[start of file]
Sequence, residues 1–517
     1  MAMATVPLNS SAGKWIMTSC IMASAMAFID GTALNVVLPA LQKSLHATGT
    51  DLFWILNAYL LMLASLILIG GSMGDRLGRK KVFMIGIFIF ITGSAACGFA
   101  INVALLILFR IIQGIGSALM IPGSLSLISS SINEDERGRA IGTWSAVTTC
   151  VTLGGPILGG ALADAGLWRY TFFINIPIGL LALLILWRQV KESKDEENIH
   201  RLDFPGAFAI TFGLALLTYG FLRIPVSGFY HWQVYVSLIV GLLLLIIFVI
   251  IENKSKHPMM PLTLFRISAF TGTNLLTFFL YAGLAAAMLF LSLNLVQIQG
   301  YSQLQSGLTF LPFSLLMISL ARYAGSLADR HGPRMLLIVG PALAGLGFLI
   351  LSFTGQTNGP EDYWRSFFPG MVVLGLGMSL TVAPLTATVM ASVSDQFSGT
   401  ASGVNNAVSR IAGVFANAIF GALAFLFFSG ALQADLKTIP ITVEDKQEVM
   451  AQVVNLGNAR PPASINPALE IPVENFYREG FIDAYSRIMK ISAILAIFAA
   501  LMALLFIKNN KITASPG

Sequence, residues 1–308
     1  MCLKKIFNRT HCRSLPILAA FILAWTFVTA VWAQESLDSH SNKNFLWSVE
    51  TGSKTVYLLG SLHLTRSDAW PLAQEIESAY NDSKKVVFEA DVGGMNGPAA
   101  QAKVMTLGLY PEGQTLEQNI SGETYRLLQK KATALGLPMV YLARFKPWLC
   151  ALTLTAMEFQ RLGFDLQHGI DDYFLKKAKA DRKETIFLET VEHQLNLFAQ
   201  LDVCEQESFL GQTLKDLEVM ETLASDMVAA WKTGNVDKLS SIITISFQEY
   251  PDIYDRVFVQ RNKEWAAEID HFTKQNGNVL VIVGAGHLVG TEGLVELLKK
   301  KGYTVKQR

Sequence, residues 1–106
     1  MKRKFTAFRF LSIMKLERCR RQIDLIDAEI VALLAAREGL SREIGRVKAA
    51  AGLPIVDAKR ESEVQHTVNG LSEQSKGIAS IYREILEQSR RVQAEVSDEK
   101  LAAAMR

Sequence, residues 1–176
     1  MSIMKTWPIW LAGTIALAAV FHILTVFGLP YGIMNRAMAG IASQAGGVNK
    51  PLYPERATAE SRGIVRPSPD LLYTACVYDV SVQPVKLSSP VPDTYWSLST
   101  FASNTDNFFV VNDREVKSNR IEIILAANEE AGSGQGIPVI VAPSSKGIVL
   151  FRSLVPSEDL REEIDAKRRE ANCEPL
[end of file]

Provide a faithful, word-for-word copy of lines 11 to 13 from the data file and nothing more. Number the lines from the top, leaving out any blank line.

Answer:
   451  AQVVNLGNAR PPASINPALE IPVENFYREG FIDAYSRIMK ISAILAIFAA
   501  LMALLFIKNN KITASPG

Sequence, residues 1–308